Even though Franzen is the bigger environmentalist and the bird watcher and probably the less flashy of the two, and even though Wallace superficially resembles Richard, with his greater charisma and physical beauty and tobacco chew, I think that Walter and Richard are actually just dual aspects of Franzen’s personality. It’s Franzen against Franzen.
Also, if anyone is Walter, the more spiritual one, the kinder one, the more worthy one, it’s Wallace, who couldn’t possibly hurt a fly other than himself, if it weren’t for the one fact of his suicide. Wallace was the “churchgoer,” the one with the reputation as the “nice” guy, and yet it was Wallace, and not Franzen, who hanged himself on his own porch for his wife to find his body. Maybe not so selfless a death as David Foster Wallace would have wished for himself, if he had been in his right mind at the time.
It strikes me that Walter’s eventual forgiveness of Patty, and, by implication, Richard, is Franzen’s final tribute to his friend David Foster Wallace. And with this act, his overvalued novel is somewhat redeemed and maybe even worthy of half of the superfluous over-the-top “critical” literary views, if the idea was to transcend the selfish and self involved characters of his Seinfeldian universe, with this one final act of grace.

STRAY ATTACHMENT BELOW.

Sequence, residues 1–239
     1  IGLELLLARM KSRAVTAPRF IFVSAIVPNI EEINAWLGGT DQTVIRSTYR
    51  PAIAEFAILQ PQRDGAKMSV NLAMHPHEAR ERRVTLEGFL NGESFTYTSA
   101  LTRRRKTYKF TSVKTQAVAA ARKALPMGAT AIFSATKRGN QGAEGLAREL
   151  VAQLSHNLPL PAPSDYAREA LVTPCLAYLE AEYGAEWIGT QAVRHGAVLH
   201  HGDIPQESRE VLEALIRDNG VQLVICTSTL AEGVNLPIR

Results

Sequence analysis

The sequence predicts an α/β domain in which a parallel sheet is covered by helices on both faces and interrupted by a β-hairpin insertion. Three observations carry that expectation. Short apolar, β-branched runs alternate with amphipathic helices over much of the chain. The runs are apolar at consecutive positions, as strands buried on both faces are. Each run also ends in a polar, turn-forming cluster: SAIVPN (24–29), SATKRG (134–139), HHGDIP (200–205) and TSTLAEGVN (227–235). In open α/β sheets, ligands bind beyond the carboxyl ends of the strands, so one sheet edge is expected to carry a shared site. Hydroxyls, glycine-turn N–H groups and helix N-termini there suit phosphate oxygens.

It occurs to me that the repitition of the word and the ideology of “freedom” in David Foster Wallace’s commencement speech and the fact that Jonathan Franzen’s novel is titled, Freedom are no coincidence.
After writing a blog post about Franzenfreude nearly a year ago now [https://gooseberrybush.wordpress.com/2010/08/27/ill-weep-into-my-royalty-statement/], I thought I’d get around to finally reading the book that caused the controversy. I ordered a copy of Freedom from half.com and got a hardcover version that had been withdrawn from a library in Schaumburg, Illinois. I read it over the weekend. I have some thoughts about the book, and I’d like to share them.